Wake up early and be one of the first tourists of the day to visit the Church of Our Lady of Health, which is home to a beautiful reproduction of the painting of Our Lady of the Fortress. Then walk to the Monastery of St. Francis Assisi, the oldest Gothic religious building in all of Dalmatia. (It precedes Zadar Cathedral by a century.) Walk down the Waterfront (Riva) until you reach Green Square, and turn toward St. Mary`s Church. This is a landmark not to be missed, as it is home to the permanent collection of the city`s most precious sacred metals -- the Gold and Silver of Zadar.

Then take a walk east to the Church of St. Chrysogonus, the twelfth-century religious building that was once a Benedictine abbey. It is adjacent to Sea Gate, one of only two entrances into what was once the walled fortress of Zara. Zadar`s Venetian defensive system, built between the fifteenth and sixteenth centuries, stayed intact well into the nineteenth century. As you can see, many of the remnants still exist today, and the defensive system is included on Croatia`s list of UNESCO World Heritage Sites.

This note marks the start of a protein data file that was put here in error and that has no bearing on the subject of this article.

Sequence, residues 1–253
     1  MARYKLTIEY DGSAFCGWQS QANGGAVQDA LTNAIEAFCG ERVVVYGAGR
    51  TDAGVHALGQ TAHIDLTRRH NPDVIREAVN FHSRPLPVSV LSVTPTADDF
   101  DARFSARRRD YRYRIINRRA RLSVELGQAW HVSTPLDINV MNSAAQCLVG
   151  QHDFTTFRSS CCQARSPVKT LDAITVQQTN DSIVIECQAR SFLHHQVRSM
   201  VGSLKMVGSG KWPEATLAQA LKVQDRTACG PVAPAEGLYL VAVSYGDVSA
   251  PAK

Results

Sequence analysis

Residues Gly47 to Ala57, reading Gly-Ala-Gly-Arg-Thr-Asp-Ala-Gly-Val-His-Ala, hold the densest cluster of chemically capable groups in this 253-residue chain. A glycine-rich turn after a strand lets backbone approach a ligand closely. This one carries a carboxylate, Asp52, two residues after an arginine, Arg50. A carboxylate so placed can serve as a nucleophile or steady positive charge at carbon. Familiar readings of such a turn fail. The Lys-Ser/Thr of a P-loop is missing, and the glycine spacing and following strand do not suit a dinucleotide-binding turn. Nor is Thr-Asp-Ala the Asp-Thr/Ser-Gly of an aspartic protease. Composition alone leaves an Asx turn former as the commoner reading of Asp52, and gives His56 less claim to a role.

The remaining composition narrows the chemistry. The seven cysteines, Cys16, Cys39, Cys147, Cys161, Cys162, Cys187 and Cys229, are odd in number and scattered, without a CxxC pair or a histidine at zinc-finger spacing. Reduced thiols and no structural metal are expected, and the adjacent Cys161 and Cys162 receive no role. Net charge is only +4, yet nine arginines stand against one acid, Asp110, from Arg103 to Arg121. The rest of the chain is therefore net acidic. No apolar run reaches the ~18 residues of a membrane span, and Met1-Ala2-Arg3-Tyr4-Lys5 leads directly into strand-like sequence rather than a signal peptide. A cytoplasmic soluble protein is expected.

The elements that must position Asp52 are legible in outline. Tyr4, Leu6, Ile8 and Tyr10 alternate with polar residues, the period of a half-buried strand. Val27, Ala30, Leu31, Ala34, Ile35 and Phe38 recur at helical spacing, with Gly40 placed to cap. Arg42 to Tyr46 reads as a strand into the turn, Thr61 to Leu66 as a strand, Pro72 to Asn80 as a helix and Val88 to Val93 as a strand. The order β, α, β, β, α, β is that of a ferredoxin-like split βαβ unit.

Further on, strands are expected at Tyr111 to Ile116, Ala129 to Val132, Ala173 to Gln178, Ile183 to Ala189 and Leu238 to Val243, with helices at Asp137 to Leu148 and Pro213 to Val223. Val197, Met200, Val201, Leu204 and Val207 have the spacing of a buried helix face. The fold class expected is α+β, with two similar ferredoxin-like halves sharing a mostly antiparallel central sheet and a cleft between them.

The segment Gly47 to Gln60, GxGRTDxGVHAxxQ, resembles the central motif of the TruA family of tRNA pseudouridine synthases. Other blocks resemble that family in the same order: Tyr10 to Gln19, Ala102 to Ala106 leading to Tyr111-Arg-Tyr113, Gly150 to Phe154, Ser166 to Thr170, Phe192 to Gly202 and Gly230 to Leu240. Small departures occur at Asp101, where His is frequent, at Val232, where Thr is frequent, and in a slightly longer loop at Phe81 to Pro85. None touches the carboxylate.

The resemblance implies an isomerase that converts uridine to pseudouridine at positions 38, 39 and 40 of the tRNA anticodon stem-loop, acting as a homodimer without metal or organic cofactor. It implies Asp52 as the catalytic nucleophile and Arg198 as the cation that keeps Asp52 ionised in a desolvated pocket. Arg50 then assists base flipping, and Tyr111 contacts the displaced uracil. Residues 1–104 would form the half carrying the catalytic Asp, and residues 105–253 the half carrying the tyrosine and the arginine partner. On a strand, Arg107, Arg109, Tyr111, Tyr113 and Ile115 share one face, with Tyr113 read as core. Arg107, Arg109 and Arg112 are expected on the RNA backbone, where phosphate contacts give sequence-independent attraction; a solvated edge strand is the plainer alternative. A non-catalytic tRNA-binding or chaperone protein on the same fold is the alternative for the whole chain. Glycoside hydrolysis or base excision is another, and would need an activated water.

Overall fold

A couple of blocks away from Sea Gate, Zadar`s city market has sold fresh foods and local handicrafts since the Middle Ages. Stop there and see if you can find anything delicious to snack on. From there, walk to the Museum of Ancient Glass and view the glass artifacts which go all the way back to antiquity. End your day`s sightseeing in the Old Town by visiting People`s Square, where the Church of St. Lawrence, Zadar City Hall, and the Venetian-era City Loggia and City Guard are located.